On Tuesday, a reporter in Alabama announced that he believed that he had found the burned wreckage of the schooner Clotilda, the last vessel to carry slaves to the United States. The wreckage was exposed following a winter “bomb cyclone” weather front, which caused extremely low tides in the area, exposing the wreckage. There is no firm confirmation that the wreckage is that of the schooner Clotilda, but the location, dimensions, and condition of the wreck strongly suggest that the wreckage is the slave ship. Clotilda was a two-masted schooner, 86 feet long, 23 feet of beam, and had a copper-sheathed hull. The wreck was found on the Mobile River just off Twelvemile Island by Ben Raines of AL.com.
The international slave trade had been illegal in the United States since 1807, but that didn’t stopped the slavers. Local lore suggests that the voyage of the Clotilda began as a wager between Timothy Meaher, a wealthy Alabama ship and shipyard owner, and friends from New England, that he could smuggle slaves from Africa into the United States without being caught.
Maeher was not alone in his slave smuggling venture, however. In 1858, the racing yacht Wanderer was outfitted for a slaving voyage and returned to Jekyll Island, Georgia with a cargo of 409 Africans. Not all slaving ventures were successful. The slave ship Erie, under the command of Nathaniel Gordon, was apprehended by the USS Mohican fifty miles off the Congo in 1860, with 897 Africans crammed aboard, 563 of which were children. Captain Gordon would be hanged for his crimes in 1862.
In the autumn of 1859, or the summer of 1860, depending on the source, Captain William Foster brought the schooner Clotilda into Mobile Bay with a cargo of 110-160 captives from West Africa. Federal authorities had been tipped off to the arrival of the schooner. Fearful of criminal charges, Captain Foster arrived in the port at night and transferred his cargo to a riverboat, then burned and scuttled the Clotilda.
Of the more than 100 Africans from the schooner, Meaher kept around 30 for himself. One of the Africans was Cudjoe Kazoola Lewis. After the Civil War, Lewis and other Africans from the Clotilda established a community at Magazine Point, north of Mobile, Alabama, which became known as Africatown.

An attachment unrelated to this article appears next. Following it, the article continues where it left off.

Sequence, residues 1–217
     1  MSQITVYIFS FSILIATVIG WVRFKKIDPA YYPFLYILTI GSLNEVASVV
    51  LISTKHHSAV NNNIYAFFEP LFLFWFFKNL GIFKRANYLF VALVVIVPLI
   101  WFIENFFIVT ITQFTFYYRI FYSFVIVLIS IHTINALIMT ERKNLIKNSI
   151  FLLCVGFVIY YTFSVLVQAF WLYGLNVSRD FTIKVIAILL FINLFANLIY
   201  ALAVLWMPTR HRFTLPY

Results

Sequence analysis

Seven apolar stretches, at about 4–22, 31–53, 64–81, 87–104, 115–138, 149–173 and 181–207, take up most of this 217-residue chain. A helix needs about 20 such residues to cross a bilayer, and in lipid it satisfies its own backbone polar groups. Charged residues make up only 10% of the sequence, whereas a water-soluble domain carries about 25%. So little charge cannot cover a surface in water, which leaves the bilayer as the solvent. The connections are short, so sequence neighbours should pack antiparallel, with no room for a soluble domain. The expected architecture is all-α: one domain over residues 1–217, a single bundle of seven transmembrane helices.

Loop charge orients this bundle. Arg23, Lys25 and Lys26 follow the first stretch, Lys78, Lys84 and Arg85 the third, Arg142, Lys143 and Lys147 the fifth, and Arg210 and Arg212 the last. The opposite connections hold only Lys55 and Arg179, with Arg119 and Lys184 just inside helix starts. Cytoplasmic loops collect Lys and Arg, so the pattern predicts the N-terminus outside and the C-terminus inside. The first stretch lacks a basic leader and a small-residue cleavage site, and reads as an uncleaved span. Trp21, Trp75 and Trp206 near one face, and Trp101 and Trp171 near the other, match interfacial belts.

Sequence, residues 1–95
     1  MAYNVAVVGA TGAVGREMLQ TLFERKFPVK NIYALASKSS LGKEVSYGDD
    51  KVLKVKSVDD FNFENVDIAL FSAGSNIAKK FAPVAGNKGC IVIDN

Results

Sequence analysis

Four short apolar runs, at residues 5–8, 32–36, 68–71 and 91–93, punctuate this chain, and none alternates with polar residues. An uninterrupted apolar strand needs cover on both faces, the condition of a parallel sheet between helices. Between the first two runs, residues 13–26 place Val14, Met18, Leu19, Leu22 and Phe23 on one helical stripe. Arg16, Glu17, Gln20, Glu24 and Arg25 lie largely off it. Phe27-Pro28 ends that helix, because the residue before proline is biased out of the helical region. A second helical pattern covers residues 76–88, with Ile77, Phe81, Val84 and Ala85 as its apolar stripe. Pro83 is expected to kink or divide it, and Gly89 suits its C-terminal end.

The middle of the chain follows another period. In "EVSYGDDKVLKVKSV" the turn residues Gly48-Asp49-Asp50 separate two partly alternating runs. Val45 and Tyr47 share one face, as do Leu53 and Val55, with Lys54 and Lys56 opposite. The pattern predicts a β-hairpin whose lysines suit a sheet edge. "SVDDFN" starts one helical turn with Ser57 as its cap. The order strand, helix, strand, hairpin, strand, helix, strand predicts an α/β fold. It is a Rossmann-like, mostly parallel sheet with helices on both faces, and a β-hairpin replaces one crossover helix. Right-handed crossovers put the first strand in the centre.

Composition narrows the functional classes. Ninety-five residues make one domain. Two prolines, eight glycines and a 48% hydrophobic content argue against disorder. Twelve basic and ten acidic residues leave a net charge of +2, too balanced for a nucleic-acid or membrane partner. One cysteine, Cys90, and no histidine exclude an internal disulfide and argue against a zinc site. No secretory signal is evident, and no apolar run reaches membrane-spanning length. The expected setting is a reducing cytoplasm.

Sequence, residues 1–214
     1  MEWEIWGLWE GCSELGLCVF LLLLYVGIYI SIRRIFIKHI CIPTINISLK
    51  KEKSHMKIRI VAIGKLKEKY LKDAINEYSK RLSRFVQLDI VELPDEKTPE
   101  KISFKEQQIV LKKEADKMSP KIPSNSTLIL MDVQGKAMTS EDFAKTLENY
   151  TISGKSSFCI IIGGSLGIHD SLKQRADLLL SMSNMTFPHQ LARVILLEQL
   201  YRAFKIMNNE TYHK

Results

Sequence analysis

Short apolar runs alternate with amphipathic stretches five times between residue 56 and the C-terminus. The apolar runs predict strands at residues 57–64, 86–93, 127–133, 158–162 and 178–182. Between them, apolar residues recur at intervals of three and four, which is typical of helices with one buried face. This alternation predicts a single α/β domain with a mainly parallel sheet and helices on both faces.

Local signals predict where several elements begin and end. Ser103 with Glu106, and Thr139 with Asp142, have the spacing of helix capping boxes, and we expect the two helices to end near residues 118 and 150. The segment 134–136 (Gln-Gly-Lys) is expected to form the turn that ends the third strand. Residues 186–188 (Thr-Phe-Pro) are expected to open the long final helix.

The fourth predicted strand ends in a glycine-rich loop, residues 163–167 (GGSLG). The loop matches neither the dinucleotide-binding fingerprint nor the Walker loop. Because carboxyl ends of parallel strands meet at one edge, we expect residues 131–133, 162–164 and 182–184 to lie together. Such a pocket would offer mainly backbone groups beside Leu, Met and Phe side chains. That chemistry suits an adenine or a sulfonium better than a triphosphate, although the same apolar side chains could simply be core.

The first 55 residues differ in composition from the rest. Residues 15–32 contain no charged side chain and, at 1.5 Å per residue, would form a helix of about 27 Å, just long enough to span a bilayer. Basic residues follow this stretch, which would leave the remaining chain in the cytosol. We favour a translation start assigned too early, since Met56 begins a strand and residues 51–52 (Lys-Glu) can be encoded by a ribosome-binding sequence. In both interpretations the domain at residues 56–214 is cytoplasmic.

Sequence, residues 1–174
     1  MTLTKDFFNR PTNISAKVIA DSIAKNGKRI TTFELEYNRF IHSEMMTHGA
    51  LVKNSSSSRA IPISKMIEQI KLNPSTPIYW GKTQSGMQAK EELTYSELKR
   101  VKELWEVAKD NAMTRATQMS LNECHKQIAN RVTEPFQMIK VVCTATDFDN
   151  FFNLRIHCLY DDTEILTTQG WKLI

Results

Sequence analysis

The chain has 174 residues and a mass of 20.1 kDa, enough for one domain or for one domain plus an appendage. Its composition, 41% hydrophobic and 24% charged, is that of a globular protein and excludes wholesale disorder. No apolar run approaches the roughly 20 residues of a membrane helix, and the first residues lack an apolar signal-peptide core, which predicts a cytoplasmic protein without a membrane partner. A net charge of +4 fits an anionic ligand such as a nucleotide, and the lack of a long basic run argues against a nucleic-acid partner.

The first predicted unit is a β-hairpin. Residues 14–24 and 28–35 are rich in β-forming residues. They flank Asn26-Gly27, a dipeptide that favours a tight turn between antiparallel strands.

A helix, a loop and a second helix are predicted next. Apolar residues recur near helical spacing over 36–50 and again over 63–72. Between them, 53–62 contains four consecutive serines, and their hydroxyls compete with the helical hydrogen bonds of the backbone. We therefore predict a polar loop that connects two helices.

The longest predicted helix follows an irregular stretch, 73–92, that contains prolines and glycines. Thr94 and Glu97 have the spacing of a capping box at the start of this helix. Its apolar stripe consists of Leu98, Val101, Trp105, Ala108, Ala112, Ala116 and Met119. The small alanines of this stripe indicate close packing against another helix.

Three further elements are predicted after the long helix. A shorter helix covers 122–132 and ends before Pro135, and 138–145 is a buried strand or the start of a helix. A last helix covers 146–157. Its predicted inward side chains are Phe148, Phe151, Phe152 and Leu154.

Cudjo Lewis was 19 when he was kidnapped from his village in Benin and taken with others from his village to the slaving port of Ouidah to be sold. After the end of the Civil War, Lewis and the other the Clotilde captives petitioned the government to be returned to their homeland but were refused. Their settlement in Africatown developed as a self-contained community where African customs were upheld and tribal languages spoken.
In the early part of the 20th century, Cudjo Lewis became an unofficial spokesman for the community. He was interviewed by a number of historians and writers about his life in Africa and the United States. Cudjo Lewis died at the age of 94, on July 17, 1935. He was the last survivor of the Clotilda and the last known survivor of the Atlantic slave trade between Africa and the United States.
In 1959, a memorial bust of Lewis was erected in front of Africatown’s Union Missionary Baptist Church atop a pyramid of bricks made by the Clotilde captives. In 2002, the bust was stolen. In February 2017, a new cast iron bust by April Livingston of the Africatown hero, Cudjoe Lewis, was unveiled in the courtyard of Union Missionary Baptist Church in Mobile.